1. Quantas spelt as it should? LOL It’s an acronym: Queensland And Northern Territory Airways (or somesuch) Service! The miniseries was good as I recollect – Bryan Brown was perfect.

        1. Ooops! I never knew that Qantas was an acronym! It always annoyed me that there wasn’t a ‘u’ in it like quantum. Well, they’ve come a long way, haven’t they, as an airline.

          1. LOL You live and learn. You clearly thought it was one of those cutesy advertising things like “nite” etc! Yes, they have come a long way from those early days.

        2. Agreed. Saw that long before I read the book. Only trouble with the miniseries was the underlying suspicion that the Gordon Jackson character had a romantic rather than fatherly interest in Jean.

  3. I read every Nevil Shute novel there was when I was in my teens (and all my friends were reading Georgette Heyer whom I still haven’t read), but this one is probably the granddaddy of them all. It is such a wide-ranging book as you say. I did reread On the beach a couple of years ago and, while the end-of-the-world story was still interesting I found the language a little stilted. I think I’ve had my Shute phase – but, perhaps, I should make an exception for A town like Alice! Jean is a great character.

    1. I’ve always wanted to try Georgette Heyer but she seems like the Mills and Boons next to Jane Austen and the regency era/genre. I bought three other Shute novels, including On the Beach, while I was at Booktown (for $2 each! Hardback!) but I have no idea what they’re all about. I’m glad I did get them now.

      1. What are the other two? I remember liking In the wet (a bit more mysterious as I recollect) and Landfall (world war 2 story). No highway was good too – made into a film also.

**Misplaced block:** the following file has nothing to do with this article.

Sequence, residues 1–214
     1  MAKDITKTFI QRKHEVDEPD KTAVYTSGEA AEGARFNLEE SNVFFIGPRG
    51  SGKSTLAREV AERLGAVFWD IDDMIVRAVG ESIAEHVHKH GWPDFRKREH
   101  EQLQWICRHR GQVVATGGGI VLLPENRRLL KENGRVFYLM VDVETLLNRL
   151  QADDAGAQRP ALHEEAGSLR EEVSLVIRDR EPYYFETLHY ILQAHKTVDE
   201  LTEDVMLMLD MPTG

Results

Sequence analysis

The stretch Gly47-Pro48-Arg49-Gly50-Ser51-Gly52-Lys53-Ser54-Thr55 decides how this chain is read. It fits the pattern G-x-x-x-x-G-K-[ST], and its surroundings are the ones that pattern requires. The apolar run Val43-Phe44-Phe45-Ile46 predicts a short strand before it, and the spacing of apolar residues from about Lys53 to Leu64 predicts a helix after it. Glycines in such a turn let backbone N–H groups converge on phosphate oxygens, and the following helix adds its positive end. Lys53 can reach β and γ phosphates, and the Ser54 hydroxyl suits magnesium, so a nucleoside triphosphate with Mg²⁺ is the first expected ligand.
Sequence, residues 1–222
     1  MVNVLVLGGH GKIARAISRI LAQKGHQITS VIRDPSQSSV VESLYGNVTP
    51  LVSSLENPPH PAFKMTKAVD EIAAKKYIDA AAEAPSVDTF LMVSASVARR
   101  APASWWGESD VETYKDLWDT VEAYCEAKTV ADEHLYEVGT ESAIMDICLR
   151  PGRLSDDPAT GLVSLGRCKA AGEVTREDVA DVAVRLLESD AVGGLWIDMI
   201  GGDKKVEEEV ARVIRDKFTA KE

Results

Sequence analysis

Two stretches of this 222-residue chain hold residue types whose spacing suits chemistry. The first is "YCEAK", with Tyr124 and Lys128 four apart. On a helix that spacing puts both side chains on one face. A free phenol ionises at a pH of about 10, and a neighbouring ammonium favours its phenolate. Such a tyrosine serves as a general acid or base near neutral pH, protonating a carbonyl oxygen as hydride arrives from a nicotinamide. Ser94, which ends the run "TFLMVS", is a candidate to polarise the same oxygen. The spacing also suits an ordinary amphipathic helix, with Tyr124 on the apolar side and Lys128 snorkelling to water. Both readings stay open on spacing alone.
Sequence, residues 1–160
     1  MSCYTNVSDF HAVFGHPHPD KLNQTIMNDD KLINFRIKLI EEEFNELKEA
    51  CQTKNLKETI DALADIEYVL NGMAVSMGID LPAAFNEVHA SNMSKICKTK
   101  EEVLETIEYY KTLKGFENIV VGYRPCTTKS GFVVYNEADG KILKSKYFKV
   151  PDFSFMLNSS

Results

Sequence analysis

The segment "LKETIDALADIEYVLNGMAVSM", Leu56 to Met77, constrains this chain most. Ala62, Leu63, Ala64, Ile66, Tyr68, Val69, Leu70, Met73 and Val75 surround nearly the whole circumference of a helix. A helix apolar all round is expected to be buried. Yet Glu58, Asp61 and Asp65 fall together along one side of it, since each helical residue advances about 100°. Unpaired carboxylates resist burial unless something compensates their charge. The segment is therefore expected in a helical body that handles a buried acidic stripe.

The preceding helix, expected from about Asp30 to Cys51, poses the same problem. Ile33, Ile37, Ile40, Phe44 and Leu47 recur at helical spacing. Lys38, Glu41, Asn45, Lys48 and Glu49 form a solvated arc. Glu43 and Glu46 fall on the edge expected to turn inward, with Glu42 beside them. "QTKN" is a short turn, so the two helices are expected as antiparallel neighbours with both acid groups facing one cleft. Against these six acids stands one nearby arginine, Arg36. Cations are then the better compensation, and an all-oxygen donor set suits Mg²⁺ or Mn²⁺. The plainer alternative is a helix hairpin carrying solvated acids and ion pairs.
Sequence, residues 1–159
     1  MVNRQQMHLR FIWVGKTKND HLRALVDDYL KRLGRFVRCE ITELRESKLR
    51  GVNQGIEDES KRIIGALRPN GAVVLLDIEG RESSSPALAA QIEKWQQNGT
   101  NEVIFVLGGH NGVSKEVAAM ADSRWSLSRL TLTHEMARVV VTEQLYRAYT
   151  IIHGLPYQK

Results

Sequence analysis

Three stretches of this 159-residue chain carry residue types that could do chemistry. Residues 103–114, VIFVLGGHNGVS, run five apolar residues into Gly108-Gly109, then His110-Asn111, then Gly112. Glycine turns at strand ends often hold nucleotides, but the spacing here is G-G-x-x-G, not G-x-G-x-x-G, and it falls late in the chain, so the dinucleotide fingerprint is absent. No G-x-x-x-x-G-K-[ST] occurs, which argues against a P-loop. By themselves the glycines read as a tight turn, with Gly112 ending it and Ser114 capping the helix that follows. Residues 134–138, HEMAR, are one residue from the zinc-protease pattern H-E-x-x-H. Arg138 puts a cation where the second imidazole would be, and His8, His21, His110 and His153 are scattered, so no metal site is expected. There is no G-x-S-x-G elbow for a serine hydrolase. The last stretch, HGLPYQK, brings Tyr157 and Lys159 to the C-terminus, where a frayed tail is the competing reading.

I’ve never really wanted to read Heyer for the reason you give, but this is the year because I’m attending a Jane Austen conference at which a Melbourne-based Heyer expert will be speaking. If I’m ever going to do it, now’s the time I think!

          1. Ah, I’ve read Chequer Board but can’t recollect a lot about it. No highway is probably the one to so next as in his oeuvre it probably is the best known after Town and Beach.

  4. That sounds really good! Glad you enjoyed Shute, I´m still reading On the Beach but am getting distracted by other books. I like it so far though 🙂

    1. I was a little put off by my edition’s front cover which screamed ‘classic war romance!’. It’s so much more than a simpering romance! I’m very impressed with Shute.

  5. I have had this novel for years on my shelf but have never read it because I wasn’t really sure what it was about. Now I am desperate to read it – it sounds fantastic!

    1. I don’t really know why I picked it up either. Must have been the delicious Vintage cover! The blurb was not very helpful either so I’m glad this review has helped you. 🙂 It was a very quick and superb read.

  6. I always thought I had a copy of this book, but when I picked it up to read it it turned out it was an abridged version. I did enjoy it however, so I’m still hoping to read the original someday.

    1. Ah, I despise those abridged versions when they don’t clearly let readers know. I kept getting that problem when trying to get a copy of The Wizard of Oz. It’ll be interesting to know how much it was abridged from the original.